Unintended Consequences, Libertarian Edition: How A Plea for Reduced Regulation Resulted in More Regulation
A few days ago, there was an article in our daily fishwrap that said something I found hard to believe. It said that the state had initiated a crackdown on unlicensed shipments of wine from out of state at the behest of a letter from the Goldwater Institute. It even had a picture (at least in the online edition) of Clint Bolick, Goldwater's chief of litigation.
Essentially, most states do not allow or severely restrict direct purchase by consumers of liquor products from out of state. As usual for such protectionist stupidity, it is claimed to be for the children, but in fact mainly is meant to protect a small, very powerful group of liquor distributors who make a fortune from their state-granted monopoly on liquor wholesaling. Basically, by some outdated post-prohibition laws, every drop of alcohol in the state must pass through the hands of a couple of companies, who of course extract their toll like Baron's of old with castles on the Rhine.
I simply found it unfathomable that Clint Bolick, a founder of the Institute for Justice (IC) for god sakes, would be pestering the state to more vigorously enforce stupid, outdated, and protectionist licensing laws. And it turns out I was right.
Clint Bolick, the Goldwater Institute’s director of litigation, said he sent the state a letter in November 2012 asking it to get rid of a rule that required customers to show up at certain wineries annually in order to get direct shipments to their homes.
Bolick’s letter, which he provided to The Republic and azcentral, said that rule made no sense and would stop Arizonans from joining wine clubs, where wineries send a designated amount of wine to customers each year, sometimes including wines not available to the general public.
“A requirement of annual presence also does not serve any obvious public purpose, given that the purchaser has established age and identity at the time of the order,” he wrote.
Bolick said he met with the director of the department at the time, Alan Everett, who told him the department would start a regulatory review.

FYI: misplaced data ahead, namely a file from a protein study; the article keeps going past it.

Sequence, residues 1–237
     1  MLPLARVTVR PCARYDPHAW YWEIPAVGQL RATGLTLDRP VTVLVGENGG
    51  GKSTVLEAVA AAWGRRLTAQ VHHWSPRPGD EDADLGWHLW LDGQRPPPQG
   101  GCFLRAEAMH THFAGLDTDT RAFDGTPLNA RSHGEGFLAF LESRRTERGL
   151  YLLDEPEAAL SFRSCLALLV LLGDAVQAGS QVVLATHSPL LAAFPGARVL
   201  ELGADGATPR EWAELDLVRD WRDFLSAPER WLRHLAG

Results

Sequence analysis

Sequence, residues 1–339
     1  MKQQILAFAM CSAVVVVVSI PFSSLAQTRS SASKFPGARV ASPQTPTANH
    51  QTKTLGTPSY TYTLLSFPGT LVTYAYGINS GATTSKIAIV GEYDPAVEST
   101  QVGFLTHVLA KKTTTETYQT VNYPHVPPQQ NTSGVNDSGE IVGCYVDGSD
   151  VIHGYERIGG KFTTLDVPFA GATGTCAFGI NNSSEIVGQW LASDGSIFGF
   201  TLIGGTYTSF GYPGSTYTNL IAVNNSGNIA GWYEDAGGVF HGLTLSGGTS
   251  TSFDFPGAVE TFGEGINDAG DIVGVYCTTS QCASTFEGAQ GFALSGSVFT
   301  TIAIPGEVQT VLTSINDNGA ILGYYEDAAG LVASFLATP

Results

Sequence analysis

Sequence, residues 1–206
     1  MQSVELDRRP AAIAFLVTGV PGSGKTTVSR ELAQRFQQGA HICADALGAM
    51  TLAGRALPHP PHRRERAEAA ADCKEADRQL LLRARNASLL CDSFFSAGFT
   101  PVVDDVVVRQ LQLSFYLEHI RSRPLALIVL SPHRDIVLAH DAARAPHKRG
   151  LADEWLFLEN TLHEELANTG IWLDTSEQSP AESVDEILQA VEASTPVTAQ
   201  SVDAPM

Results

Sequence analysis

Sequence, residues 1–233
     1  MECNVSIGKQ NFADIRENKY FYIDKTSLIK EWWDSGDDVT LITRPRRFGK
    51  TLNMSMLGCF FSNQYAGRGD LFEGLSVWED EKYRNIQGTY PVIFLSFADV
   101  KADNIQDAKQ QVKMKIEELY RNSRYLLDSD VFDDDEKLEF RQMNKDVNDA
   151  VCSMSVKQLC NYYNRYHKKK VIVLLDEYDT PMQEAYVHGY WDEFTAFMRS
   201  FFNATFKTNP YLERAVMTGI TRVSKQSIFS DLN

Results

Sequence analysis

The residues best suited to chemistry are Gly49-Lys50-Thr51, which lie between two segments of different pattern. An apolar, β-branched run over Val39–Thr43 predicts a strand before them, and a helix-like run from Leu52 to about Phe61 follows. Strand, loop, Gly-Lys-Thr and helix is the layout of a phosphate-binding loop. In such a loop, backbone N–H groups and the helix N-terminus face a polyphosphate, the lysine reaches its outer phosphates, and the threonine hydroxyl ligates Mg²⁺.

So it turns out that Goldwater was trying to ease regulation and make it easier for consumers to have some choice and access to more suppliers. All good.
But it turns out "regulatory review" means something different to a state regulator. I suppose it was too much to think that they might have a review to see if their regulations went too far. In fact, the "regulatory review" seems to have focused on how they could tighten regulations even further. The result was not the one Goldwater hoped for ... instead of making things easier on consumers, the state went all-in trying to make things even worse for consumers.
Hill said Bolick's 2012 letter made the department question whether the wineries sending club shipments into Arizona were all licensed.
“It was the basis for us starting to ask questions about who is shipping liquor into the state of Arizona that does not hold an Arizona liquor license,” Hill said....
So far, the department has investigated 223 violations at a total of 199 wineries, according to records obtained through the Liquor Department’s website.
Additionally, somewhere between 250 and 300 wineries were found to have not filed their production reports. Once the department receives those, it could cause some or all of those to be found in violation. Some of those wineries, in order to comply with state liquor laws and have their cases closed, might also agree to not ship wine to Arizona.
Customers frustrated that they cannot get their wine shipped anymore are funding a renewed effort to change the state’s shipping laws. Two California-based groups, The Wine Institute and Free The Grapes, said they are work
It is clear that Goldwater, representing consumers, has very little influence on the state agency. So who does? Well, you have probably guessed:
Hill said last Thursday the crackdown came at the request of a member of the Arizona wine industry, saying it was an example of government and industry working together.
Ugh, what a happy thought -- government and industry working together to protect incumbents from competition and restrict consumer choice.